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People executed on order of English monarchs

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  • Rowland Taylor, Archdeacon of Exeter (1510 - 1555)
    Find a Grave for Rowland Taylor . Rowland Taylor was born 6 October 1510 Northumberland, England to John Taylor and Susan Rowland. He died 9 February 1555 in Hadleigh, Suffolk, England. He was an Engli...
  • Lady Jane Grey, Queen of England (disputed) (c.1537 - 1554)
    Lady Jane Grey (c. 1537[3] – 12 February 1554), also known as Lady Jane Dudley (after her marriage)[4] and as "the Nine Days' Queen" ,[5] was an English noblewoman and de facto Queen of England and Ire...
  • John Dudley, 1st Duke of Northumberland, 1st Earl of Warwick (1502 - 1553)
    John Dudley, 1st Duke of Northumberland (1501 – 22 August 1553) was a Tudor general, admiral and politician, who de facto ruled England in the latter half of King Edward VI's reign. At Edward's death, ...
  • Sir George Boleyn, 2nd Viscount Rochford (1504 - 1536)
    Claire Ridgway, author of many books on the Boleyns, including "The Fall of Anne Boleyn", talks about Anne Boleyn's parents, Thomas and Elizabeth, and discusses why she thinks the primary sources sugge...
  • Arthur, duke of Brittany (1187 - 1203)
    - - c) ARTHUR de Bretagne (posthumously Nantes 29 Mar 1187-murdered Rouen or Cherbourg 3 Apr 1203, bur Notre dame des Prés, Rouen or Abbaye de Bec, Normandy). Benedict of Peterborough records that ...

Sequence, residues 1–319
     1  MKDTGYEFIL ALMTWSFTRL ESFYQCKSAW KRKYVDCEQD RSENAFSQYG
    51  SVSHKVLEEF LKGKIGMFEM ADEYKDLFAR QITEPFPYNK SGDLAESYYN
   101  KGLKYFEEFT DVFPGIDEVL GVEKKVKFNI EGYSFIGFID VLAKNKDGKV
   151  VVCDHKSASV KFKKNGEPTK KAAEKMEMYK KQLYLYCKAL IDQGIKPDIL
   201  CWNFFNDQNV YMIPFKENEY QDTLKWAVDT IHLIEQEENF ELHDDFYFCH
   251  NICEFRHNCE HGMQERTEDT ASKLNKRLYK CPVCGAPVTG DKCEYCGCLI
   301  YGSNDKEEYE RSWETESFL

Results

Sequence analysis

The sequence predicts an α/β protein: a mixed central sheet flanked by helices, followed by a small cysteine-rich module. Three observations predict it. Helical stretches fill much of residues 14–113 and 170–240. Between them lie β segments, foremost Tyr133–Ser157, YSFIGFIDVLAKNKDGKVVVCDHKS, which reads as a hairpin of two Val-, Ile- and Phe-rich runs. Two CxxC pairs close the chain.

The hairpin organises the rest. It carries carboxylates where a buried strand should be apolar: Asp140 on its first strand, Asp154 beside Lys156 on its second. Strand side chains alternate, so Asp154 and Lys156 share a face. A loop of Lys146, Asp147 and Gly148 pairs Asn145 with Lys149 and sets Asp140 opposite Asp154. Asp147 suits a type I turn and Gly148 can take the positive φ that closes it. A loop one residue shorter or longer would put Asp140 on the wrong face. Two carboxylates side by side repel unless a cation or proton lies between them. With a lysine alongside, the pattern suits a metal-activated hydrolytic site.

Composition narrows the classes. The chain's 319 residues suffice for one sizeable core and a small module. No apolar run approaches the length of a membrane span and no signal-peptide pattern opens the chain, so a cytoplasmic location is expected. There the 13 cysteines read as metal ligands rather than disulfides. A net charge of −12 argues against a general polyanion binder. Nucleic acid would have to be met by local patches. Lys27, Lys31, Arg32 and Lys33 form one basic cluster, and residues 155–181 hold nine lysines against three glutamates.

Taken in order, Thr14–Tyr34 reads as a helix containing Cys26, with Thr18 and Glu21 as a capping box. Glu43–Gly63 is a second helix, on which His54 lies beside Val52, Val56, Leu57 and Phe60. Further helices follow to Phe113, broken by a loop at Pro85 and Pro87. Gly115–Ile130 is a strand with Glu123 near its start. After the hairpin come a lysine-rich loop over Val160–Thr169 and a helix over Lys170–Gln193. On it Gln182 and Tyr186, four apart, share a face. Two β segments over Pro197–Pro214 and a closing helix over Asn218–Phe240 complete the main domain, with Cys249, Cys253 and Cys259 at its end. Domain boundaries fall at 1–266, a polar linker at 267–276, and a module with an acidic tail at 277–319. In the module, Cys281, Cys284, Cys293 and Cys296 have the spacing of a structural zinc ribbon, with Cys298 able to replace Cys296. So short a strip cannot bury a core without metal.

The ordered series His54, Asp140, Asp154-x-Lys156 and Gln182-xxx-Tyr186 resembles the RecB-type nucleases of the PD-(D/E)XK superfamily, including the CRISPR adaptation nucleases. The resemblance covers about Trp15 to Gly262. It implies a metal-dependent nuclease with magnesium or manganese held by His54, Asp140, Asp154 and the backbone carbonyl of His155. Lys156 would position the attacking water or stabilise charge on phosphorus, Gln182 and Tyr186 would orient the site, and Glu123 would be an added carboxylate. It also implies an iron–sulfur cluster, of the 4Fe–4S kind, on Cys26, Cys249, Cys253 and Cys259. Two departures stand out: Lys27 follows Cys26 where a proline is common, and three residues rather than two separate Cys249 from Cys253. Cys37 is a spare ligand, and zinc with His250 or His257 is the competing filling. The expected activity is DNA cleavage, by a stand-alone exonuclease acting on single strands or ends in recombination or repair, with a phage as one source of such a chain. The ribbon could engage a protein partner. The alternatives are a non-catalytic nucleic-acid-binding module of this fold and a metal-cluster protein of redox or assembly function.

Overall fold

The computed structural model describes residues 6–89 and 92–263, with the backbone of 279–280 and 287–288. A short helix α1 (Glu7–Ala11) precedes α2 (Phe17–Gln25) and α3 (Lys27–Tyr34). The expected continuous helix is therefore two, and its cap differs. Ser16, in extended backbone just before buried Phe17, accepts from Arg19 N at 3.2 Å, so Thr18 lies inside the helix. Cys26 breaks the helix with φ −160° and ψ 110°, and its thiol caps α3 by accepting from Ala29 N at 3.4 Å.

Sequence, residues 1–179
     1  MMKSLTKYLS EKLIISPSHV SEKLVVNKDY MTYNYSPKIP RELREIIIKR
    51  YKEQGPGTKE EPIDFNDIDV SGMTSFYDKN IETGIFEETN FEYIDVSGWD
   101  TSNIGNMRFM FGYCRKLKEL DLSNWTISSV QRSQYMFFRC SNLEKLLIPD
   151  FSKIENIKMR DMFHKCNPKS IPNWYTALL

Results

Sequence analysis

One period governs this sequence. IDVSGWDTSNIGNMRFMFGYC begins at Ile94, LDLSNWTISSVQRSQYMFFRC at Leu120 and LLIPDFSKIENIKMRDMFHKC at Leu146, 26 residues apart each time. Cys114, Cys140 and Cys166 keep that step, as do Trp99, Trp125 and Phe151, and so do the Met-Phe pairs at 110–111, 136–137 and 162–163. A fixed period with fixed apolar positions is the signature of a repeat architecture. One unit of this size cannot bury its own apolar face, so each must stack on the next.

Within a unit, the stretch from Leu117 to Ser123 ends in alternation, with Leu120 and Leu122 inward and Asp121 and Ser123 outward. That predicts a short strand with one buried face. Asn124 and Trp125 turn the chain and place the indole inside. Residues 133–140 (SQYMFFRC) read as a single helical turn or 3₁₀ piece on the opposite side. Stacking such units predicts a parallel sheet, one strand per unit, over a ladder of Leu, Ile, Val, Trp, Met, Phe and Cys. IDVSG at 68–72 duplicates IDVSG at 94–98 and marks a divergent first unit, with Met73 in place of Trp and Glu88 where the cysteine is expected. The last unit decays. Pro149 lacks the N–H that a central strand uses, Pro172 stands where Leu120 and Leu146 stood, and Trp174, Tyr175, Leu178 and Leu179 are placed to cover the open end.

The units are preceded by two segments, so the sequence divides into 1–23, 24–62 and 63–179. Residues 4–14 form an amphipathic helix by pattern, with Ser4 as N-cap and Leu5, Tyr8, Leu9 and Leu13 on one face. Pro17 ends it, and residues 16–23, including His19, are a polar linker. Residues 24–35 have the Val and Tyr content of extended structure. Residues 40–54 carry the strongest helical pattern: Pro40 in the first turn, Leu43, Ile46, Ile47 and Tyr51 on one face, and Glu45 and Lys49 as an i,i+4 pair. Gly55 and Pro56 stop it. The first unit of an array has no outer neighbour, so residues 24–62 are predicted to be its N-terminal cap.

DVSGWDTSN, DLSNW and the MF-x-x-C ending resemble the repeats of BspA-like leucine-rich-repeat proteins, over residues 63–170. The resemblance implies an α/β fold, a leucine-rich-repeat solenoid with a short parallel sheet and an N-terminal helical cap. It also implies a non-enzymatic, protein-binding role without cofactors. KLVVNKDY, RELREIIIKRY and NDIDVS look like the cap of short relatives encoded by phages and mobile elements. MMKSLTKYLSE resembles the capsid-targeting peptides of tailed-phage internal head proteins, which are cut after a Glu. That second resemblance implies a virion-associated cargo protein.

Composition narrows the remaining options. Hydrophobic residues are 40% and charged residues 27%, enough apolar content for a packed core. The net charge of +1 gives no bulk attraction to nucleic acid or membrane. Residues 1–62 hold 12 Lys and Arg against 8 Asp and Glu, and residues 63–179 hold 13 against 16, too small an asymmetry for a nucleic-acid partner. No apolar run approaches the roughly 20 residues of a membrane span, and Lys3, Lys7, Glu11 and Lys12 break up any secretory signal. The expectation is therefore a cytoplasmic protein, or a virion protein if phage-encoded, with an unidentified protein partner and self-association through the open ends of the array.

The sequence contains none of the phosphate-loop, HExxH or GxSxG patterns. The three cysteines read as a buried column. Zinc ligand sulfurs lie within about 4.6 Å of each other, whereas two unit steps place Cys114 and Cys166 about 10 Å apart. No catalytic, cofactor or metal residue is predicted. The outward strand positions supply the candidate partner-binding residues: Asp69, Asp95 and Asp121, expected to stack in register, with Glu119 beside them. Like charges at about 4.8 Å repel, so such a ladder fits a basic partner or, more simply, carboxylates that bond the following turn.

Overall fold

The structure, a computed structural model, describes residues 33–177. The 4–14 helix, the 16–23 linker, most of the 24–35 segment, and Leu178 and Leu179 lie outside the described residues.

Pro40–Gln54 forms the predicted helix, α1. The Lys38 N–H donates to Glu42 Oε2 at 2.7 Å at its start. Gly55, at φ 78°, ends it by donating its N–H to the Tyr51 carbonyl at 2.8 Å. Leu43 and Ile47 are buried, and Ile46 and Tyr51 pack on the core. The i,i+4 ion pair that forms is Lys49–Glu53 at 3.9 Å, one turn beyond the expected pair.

Scope of Project

This project aims to identify people executed on order of the Kings and Queens of England and Great Britain.


Under the law of the United Kingdom, high treason is the crime of disloyalty to the Crown. Offences constituting high treason include plotting the murder of the sovereign; having sexual intercourse with the sovereign's consort, with his eldest unmarried daughter, or with the wife of the heir to the throne; levying war against the sovereign and adhering to the sovereign's enemies, giving them aid or comfort; and attempting to undermine the lawfully established line of succession. Several other crimes have historically been categorised as high treason, including counterfeiting money and being a Catholic priest.

High treason was formerly distinguished from petty treason, a treason committed against a subject of the sovereign, the scope of which was limited by statute to the murder of a legal superior. Petty treason comprised the murder of a master by his servant, of a husband by his wife, or of a bishop. Petty treason ceased to be a distinct offence from murder in 1828.

Considered to be the most serious of offences, high treason was often met with extraordinary punishment, because it threatened the security of the state. A particularly horrific manner of execution known as hanging, drawing and quartering was often employed. The last treason trial was that of William Joyce, who was executed in 1946.